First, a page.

It looks like hunting has always been the best bet for humans. According to recent research, human dental health was way better off before we started farming our food.
It’s true. Scientists analyzed the lower parts of jaws and teeth from skeletons thought to be from between 28,000–6,000 years ago. What they found was that there was a “clear separation between European hunter-gatherers, Near Eastern/Anatolian semi-sedentary hunter-gatherers and transitional farmers, and European farmers, based on the form and structure of their jawbones.”
“Our findings show that the hunter gatherer populations have an almost ‘perfect harmony’ between their lower jaws and teeth,” said one researcher, “but this harmony begins to fade when you examine the lower jaws and teeth of the earliest farmers.”
“The lower jaws of the world’s earliest farmers… are not simply smaller versions of those of the predecessor hunter-gatherers… the lower jaw underwent a complex series of shape changes commensurate with the transition to agriculture,” added the researchers.
But why did this happen?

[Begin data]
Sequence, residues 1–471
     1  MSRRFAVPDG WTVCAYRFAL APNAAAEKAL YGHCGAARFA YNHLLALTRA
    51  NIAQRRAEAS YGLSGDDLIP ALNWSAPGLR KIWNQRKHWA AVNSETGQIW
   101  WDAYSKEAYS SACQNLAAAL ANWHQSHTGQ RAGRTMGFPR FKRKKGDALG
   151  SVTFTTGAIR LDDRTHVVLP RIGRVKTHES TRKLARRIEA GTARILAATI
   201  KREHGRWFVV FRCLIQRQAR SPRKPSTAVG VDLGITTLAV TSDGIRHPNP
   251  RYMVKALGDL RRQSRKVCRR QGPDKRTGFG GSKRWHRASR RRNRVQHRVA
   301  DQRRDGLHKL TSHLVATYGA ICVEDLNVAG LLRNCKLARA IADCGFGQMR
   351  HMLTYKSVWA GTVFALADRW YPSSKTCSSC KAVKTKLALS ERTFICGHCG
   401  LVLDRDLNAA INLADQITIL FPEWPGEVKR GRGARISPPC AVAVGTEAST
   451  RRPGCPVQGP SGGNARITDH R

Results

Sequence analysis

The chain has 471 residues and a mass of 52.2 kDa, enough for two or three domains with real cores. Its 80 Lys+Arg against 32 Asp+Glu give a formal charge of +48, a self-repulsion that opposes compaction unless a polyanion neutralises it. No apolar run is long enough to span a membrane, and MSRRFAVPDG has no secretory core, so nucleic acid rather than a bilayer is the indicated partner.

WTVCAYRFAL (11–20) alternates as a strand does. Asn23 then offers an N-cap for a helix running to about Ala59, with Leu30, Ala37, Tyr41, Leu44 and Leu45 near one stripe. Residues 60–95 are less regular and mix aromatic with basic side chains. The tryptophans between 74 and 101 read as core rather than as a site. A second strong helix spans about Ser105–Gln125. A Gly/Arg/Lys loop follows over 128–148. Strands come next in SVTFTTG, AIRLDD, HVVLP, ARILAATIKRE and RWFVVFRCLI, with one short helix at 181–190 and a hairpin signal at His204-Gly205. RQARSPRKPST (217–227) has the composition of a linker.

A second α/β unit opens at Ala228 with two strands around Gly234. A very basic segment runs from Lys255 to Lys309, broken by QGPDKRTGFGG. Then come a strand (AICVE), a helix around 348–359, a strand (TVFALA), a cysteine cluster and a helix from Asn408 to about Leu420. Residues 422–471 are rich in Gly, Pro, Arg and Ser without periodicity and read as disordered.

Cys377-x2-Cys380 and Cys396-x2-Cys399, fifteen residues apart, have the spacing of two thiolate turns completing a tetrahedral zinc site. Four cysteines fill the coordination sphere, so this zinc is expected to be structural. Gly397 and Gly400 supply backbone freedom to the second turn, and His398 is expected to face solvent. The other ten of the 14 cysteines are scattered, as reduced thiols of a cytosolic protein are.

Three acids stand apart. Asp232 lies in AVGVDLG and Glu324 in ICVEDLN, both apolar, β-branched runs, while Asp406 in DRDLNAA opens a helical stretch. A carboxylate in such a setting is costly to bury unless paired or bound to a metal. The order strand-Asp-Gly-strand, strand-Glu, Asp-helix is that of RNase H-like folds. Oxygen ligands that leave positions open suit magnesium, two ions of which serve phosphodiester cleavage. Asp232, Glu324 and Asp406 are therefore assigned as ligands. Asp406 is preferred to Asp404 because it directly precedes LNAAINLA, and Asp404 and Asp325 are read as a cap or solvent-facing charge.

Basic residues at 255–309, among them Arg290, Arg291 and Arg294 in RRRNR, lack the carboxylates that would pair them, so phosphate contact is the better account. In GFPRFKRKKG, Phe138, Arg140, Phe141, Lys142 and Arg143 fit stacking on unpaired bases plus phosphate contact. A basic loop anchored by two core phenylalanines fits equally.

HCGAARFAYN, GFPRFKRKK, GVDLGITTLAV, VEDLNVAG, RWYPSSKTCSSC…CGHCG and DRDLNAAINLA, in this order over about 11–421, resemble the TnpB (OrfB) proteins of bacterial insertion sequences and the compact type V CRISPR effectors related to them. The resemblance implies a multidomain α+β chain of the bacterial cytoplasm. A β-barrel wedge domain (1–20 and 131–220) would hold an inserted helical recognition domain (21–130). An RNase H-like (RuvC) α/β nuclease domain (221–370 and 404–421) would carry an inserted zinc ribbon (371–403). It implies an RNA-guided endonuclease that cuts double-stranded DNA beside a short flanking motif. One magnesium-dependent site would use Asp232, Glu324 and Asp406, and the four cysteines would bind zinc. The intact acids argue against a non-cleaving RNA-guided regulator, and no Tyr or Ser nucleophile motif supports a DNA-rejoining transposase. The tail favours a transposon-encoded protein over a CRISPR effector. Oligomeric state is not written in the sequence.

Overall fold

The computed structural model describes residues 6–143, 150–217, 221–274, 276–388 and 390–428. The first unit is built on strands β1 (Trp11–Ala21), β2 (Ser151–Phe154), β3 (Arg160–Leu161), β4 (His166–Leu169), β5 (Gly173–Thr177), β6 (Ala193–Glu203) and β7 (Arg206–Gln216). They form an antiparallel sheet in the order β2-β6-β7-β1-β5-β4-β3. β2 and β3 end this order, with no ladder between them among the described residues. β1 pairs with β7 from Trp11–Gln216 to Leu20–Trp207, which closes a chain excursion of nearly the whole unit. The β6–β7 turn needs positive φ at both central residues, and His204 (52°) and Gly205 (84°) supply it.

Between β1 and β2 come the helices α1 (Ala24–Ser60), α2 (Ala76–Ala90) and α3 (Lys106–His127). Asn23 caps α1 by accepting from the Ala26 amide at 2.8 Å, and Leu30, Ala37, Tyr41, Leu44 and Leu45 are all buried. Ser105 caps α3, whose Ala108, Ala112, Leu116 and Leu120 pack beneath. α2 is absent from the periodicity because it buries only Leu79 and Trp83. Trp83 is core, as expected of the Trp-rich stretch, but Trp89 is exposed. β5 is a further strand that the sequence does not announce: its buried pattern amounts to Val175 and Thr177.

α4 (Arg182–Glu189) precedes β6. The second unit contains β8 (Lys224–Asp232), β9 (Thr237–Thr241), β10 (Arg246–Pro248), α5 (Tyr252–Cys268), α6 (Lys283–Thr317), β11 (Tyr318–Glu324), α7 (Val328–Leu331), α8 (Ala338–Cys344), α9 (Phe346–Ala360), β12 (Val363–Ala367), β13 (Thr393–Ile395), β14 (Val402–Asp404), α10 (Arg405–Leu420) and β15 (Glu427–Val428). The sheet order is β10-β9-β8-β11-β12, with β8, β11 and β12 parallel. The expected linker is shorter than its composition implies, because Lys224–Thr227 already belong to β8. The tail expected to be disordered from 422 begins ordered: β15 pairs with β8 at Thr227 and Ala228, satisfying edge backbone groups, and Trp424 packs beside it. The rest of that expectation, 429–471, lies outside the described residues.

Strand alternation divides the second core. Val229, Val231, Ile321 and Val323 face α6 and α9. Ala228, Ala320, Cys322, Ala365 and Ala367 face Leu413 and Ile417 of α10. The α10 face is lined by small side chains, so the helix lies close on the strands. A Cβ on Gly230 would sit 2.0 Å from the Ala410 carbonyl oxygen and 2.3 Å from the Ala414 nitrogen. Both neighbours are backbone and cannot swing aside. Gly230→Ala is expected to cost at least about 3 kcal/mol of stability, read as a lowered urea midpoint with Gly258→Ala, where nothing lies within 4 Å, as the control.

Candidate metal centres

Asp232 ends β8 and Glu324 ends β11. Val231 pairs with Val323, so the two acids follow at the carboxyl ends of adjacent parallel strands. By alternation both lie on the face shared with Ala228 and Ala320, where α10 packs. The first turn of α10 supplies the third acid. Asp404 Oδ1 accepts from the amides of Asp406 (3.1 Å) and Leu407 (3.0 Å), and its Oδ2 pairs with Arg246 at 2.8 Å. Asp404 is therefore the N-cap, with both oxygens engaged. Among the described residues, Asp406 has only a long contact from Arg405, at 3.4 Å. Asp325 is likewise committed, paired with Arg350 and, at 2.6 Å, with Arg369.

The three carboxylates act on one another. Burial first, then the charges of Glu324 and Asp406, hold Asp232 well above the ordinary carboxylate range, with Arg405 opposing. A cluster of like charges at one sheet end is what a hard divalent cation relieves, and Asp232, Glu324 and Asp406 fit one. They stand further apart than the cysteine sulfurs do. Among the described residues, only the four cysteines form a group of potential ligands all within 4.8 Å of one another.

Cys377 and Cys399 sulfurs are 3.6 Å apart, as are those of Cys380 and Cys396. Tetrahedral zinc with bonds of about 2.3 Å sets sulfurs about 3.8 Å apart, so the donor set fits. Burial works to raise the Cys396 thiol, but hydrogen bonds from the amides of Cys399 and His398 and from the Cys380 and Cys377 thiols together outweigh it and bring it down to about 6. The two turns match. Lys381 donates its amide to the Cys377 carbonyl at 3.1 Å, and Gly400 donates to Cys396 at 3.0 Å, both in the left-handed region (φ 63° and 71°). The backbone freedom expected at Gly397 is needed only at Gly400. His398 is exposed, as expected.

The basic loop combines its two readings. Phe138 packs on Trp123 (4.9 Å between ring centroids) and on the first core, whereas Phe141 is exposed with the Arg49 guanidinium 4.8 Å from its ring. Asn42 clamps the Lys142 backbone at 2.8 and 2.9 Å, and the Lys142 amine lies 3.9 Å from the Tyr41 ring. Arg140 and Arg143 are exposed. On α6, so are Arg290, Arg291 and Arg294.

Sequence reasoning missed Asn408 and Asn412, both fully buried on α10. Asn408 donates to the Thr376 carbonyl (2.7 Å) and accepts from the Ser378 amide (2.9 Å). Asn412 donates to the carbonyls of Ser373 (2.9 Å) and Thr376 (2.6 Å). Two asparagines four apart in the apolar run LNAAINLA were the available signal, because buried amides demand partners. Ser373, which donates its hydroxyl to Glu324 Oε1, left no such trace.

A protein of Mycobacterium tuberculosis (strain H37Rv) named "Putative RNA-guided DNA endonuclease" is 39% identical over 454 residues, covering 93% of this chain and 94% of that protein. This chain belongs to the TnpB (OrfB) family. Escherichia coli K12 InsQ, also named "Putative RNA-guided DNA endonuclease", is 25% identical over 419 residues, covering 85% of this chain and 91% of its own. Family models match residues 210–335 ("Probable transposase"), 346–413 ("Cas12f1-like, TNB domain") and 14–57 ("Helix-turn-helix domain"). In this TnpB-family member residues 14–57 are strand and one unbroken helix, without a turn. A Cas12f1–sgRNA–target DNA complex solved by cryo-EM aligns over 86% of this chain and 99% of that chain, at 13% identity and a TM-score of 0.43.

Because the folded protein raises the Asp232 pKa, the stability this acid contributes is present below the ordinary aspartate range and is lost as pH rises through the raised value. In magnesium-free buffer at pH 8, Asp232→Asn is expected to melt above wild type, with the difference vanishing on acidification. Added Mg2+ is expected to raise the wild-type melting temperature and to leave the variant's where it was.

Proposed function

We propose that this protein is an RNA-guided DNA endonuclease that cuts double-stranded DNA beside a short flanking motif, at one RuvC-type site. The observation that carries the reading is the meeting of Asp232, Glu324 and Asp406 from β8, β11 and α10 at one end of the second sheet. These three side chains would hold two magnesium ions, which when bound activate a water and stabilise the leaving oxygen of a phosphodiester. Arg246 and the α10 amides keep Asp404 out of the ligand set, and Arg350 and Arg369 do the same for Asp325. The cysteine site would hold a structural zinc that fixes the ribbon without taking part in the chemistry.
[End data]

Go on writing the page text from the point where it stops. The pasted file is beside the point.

According to the report, “the diet of the hunter-gatherer was based on ‘hard’ foods like wild uncooked vegetables and meat, while the staple diet of the sedentary farmer is based on ‘soft’ cooked or processed foods like cereals and legumes. With soft cooked foods, there is less of a requirement for chewing, which in turn lessens the size of the jaws, but without a corresponding reduction in the dimensions of the teeth, there is no adequate space in the jaws and this often results in malocclusion and dental crowding.”
Apparently, this dental condition has been described as the “malady of civilization” by scientists in the past. So what’s this mean? Presumably it means that hunters are awesome. Okay, maybe it doesn’t mean that. In short, humans and hunting have been linked for a long, long time and this ancient practice has influenced the way even our bodies have changed throughout the centuries.